Last Wednesday I was working on my coat and kind of loosing steam when I realised I had completely forgotten to either buy or make a gift for one of my best friends’ baby girl’s first birthday the next day. I thought no problem, I’ll use that cute elephant pattern I recently bought and I’ll be done in no time! Hahaha, how wrong was I?
After spending the whole evening and Thursday morning working non-stop on the elephant, all I had were an empty body sans tail and an empty head sans eyes and ears. Turns out the pattern is cute for a reason: it uses a thousand pieces with darts and you have to clip/notch about a million curves! Nothing difficult really, but time consuming, oh yes!
Let me cut to the chase, I finished the elephant yesterday. Yep, it took me four days to make a stuffed elephant, I’m definitely not the world’s fastest sewer, if one still needed proof!
The pattern is Style Craft Pattern 2052, from 1979. There are two versions: adult and baby. I chose the adult, but I didn’t think to check the measurements of the finished elephant, so I was kind of surprised to see the size of the beast: 30 cm at shoulder height, 40 cm length without the trunk, oops! Ah well, I’m not the one who’s going to have to find a place for it in my apartment!
What I didn’t like in the pattern (except for the fact that they would have you baste most seams before stitching them – I didn’t and I had no problem whatsoever) was the fact that you have to hand stitch the tail, ears and tusks (as you can see, I chose to omit the tusks: the elephant looks way cuter for a baby without them) afterwards instead of sewing them into seams. The eyes are also supposed to be hand sewn afterwards, but I machine sewed them before attaching the head to the body. There are no seams where you add the ears, so there’s no other solution for them (and it’s possible to get a nice and secure result with invisible stitches, contrary to what the envelope picture would have you believe…), but if I ever sew that pattern again, I’ll be sure to sew the tail into the back seam: it will look better and be more secure.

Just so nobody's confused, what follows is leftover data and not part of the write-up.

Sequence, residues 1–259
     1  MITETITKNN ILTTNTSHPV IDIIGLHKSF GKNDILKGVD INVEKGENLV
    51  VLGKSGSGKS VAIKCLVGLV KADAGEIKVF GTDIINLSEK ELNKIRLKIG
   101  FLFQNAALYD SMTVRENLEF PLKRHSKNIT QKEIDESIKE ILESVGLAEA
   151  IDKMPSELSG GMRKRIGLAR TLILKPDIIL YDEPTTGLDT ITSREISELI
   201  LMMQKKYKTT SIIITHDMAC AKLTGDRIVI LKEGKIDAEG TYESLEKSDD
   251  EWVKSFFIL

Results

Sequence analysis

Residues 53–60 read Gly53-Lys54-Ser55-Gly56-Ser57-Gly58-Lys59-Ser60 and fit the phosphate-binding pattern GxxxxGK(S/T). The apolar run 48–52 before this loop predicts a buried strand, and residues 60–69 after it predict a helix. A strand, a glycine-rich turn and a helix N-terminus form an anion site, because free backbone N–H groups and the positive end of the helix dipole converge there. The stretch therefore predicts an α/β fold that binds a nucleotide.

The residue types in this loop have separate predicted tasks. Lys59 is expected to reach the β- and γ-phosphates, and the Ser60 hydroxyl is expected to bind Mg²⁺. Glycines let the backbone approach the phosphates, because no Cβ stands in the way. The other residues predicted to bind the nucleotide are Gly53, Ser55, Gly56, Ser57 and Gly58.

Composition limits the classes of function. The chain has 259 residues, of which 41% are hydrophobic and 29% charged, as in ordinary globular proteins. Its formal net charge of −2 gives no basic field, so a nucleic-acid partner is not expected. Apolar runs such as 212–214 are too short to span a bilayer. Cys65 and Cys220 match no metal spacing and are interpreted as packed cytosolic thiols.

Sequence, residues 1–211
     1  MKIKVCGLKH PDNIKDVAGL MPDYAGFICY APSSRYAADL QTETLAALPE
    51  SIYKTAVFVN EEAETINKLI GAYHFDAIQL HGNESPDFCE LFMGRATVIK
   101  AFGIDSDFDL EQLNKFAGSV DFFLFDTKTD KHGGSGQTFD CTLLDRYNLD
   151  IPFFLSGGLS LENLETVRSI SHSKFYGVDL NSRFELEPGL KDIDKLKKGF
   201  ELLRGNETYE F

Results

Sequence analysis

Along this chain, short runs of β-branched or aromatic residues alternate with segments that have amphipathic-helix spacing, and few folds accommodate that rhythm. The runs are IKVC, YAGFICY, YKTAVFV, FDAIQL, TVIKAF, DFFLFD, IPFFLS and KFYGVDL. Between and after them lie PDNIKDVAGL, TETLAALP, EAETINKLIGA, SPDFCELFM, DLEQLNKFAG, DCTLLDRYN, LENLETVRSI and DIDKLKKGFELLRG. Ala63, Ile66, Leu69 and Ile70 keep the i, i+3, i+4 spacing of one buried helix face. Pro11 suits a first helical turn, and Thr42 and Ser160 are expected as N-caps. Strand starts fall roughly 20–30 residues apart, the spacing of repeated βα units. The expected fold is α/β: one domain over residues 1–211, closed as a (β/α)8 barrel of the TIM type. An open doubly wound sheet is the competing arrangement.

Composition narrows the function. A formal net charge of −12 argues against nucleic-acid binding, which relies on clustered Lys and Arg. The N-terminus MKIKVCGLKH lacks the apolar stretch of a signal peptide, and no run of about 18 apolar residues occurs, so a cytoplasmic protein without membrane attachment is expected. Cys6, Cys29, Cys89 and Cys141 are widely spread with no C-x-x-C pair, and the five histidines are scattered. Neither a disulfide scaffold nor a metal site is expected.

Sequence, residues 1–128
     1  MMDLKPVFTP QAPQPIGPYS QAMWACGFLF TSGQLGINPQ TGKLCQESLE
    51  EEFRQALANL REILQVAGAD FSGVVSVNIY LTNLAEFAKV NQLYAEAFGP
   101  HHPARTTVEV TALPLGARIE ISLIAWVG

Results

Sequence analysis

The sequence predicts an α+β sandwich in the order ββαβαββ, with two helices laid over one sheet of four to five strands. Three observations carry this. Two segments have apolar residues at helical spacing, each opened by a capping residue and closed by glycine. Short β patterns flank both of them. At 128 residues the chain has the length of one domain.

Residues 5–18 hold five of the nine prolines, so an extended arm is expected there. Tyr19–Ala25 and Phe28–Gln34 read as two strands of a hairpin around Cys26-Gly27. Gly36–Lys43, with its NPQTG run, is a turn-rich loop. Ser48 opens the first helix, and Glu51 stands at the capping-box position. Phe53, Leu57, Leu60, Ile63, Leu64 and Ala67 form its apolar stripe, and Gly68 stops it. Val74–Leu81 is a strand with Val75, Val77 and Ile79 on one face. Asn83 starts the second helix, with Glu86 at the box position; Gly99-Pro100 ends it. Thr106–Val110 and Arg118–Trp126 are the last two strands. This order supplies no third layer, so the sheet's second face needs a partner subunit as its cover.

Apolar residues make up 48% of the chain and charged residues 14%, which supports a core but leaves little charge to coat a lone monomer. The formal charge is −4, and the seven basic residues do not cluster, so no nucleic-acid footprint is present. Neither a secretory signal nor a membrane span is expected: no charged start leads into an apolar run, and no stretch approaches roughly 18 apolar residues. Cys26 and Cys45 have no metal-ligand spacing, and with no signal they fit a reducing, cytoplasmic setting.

Also, the sample is sewn in felt, so the tail and ears (and tusks) are sewn wrong sides together, with visible seams. Since I used corduroy (remnants from this skirt) and I didn’t want it to fray, I sewed the ears and tail with right sides together. This caused no problem for the ears, but for the tail I had to adjust its end so that I could turn it right side out.
Stuffing the elephant was an adventure of its own. I bought a giant (and I mean GIANT, like 1 cubic metre!) bag of polyfil for a song at least seven years ago and although I had used some for a few projects, it must have been self-regenerating or something because all of my projects barely made a dent in it. But this time, the giant polyfil bag has found its master! The elephant literally ate most of it, leaving me with about a fifth of it, if not less. The pattern has you stuff it firmly, so you wouldn’t believe how much polyfil there is inside. And it was not an easy task getting it all in: it took me about an hour, sweating and short of breath, and my arms are still a bit sore.
It’s not easy drawing with a sore arm, but I didn’t want to abandon my resolution, so here’s the third page of my sketchbook! I normally draw before finishing a project, but the impromptu nature of this project made it impossible, so afterwards it had to be.
I’m really happy with the end result of the project, I’m not kidding when I say it’s going to be difficult to give it away! I really took my time (four days, you bet I did!) to get the best result I could and there are not many things I would change if I had to do it again. And I want to sew that pattern again, though I’ll take filling my wardrobe over adding to the clutter of my home any day, so it will have to wait for another special occasion.